New mum, 30, discovers cancerous lump on breast while feeding baby son

A 30-year-old mum who discovered a lump when she was breastfeeding her new son, couldn’t believe it when doctors confirmed it was cancer.

Amy Palmer made the shocking discovery of the lump on her breast while feeding her five-month-old son Lenny, just like Coronation Street actress Victoria Ekanoye.

While doctors initially said it was likely to be a blocked milk duct, further tests confirmed her worst fears – she had breast cancer.

The mum has since beaten the disease and is now speaking out in support of ex-Corrie star Victoria – who played Angie Appleton – and recently found a lump in the same way.

“If I could say one thing to Victoria, I’d just tell her to keep going,” Amy said.

“Her baby boy will give her the fight to get through this little hurdle in life, just like my baby boy did for me.

“I’d tell Victoria to talk to people and not feel like she has to be strong for everyone else – she needs to put herself first!

“I found it really hard to ask for help but I had to – I felt like I was failing my family, but now I know I was doing everything to be there for my family and for our future.”

Amy said she and her husband Colin watch Coronation Street “religiously” and watched Victoria’s entire stint on the show.

“She played a really good part and was a much loved character,” Amy added.

“Although we were sad when she left the soap, it does mean she can now concentrate on herself and on this next journey that she’s about to fight!”

Amy said that every time someone was diagnosed, she immediately feels for them, as she knows how hard the journey ahead is.

“I just hope Victoria gets the support she needs!” she said.

Amy was breastfeeding her five month-old-son Lenny in 2019 when she discovered the lump in her breast and immediately went to the doctor to have it checked out.

Both Amy and her husband Colin burst out in tears upon finding out the lump was cancerous, and the news left her family and friends devastated.

She underwent several bouts of intensive treatment, including a lumpectomy, six rounds of chemotherapy and 18 rounds of radiotherapy.

Now two years later, she’s beaten the disease and has voiced her support for soap actress Victoria Ekanoye, who recently revealed she has breast cancer.

Just like Amy, actress Victoria, who appeared on Coronation Street between 2017 and 2019, discovered a lump in her breast whilst feeding her 11-month-old son Theo earlier this year.

Speaking to OK! magazine about her cancer battle, the soap star said she first noticed the small lump protruding at the top of her left breast back in July.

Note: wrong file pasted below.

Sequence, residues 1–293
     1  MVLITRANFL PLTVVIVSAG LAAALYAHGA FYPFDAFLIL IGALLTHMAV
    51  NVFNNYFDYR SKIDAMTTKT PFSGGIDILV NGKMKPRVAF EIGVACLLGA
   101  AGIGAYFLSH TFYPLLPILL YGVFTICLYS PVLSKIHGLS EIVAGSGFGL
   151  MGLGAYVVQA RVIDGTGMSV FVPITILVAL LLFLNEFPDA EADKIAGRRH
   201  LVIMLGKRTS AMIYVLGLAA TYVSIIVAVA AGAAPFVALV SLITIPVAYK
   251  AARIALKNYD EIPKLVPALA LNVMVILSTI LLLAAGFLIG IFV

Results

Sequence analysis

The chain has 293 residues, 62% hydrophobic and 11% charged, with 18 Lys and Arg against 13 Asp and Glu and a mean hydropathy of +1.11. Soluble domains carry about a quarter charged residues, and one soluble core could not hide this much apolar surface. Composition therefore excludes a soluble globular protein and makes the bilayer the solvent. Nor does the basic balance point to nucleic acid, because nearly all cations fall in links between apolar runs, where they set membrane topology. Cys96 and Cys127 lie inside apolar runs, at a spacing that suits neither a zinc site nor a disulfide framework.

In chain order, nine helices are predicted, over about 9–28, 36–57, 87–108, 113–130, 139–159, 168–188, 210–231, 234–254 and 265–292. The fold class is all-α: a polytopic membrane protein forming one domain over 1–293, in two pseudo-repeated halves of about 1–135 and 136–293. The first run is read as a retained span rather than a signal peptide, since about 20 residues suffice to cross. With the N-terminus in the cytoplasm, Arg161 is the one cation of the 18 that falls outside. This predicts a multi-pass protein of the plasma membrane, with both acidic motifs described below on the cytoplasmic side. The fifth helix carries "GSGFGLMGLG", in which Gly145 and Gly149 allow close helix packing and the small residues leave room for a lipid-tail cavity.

“My mum had breast cancer at 41, and her sister at 39 – so many people in my family, in fact. So I don’t really leave any time before I check these things…

“I was diagnosed on October 13 with DCIS, which is Ductal carcinoma in situ. It basically means that cells have turned cancerous within the milk ducts.

“We’re being really optimistic, and positive, and really lucky that we’ve caught it as early as we have. I don’t know if lucky is the right word, but that’s how I feel.”

Since beating the disease, Amy, who lives in Paignton, Devon, with husband Colin and her two young children Lenny, now three, and Frankie, six, has been encouraging women to check their breasts.

In the UK, women aged 50 to 71 are invited for NHS breast screenings every three years, but Amy believes the age of mammogram testing should be lowered.

Amy has also made a bucket list of things she wants to do, including taking part in the Disney Princess ‘Run to the Magic’ race, doing a skydive, entering the London Marathon and visiting New York.

“You never think anything like this is going to happen to you, until it does. It hit my husband really hard. It was a shock, just a complete shock,” she said.

“I don’t know why the starting age [for mammogram testing] is so low, as my case proves this happens to people of all ages. I’d like to see anyone over the age of 18 offered screenings.

“Since my diagnosis, I’ve seen women in their 20s diagnosed with breast cancer. Screening early could only save lives.

“My cancer seems like a bit of a dream now – it’s hard to believe I went through it all.

“I’ve had so many people come forward asking for advice on a lump or how to check themselves with some even being diagnosed afterwards, so I’m pleased that sharing my journey has helped to raise awareness.”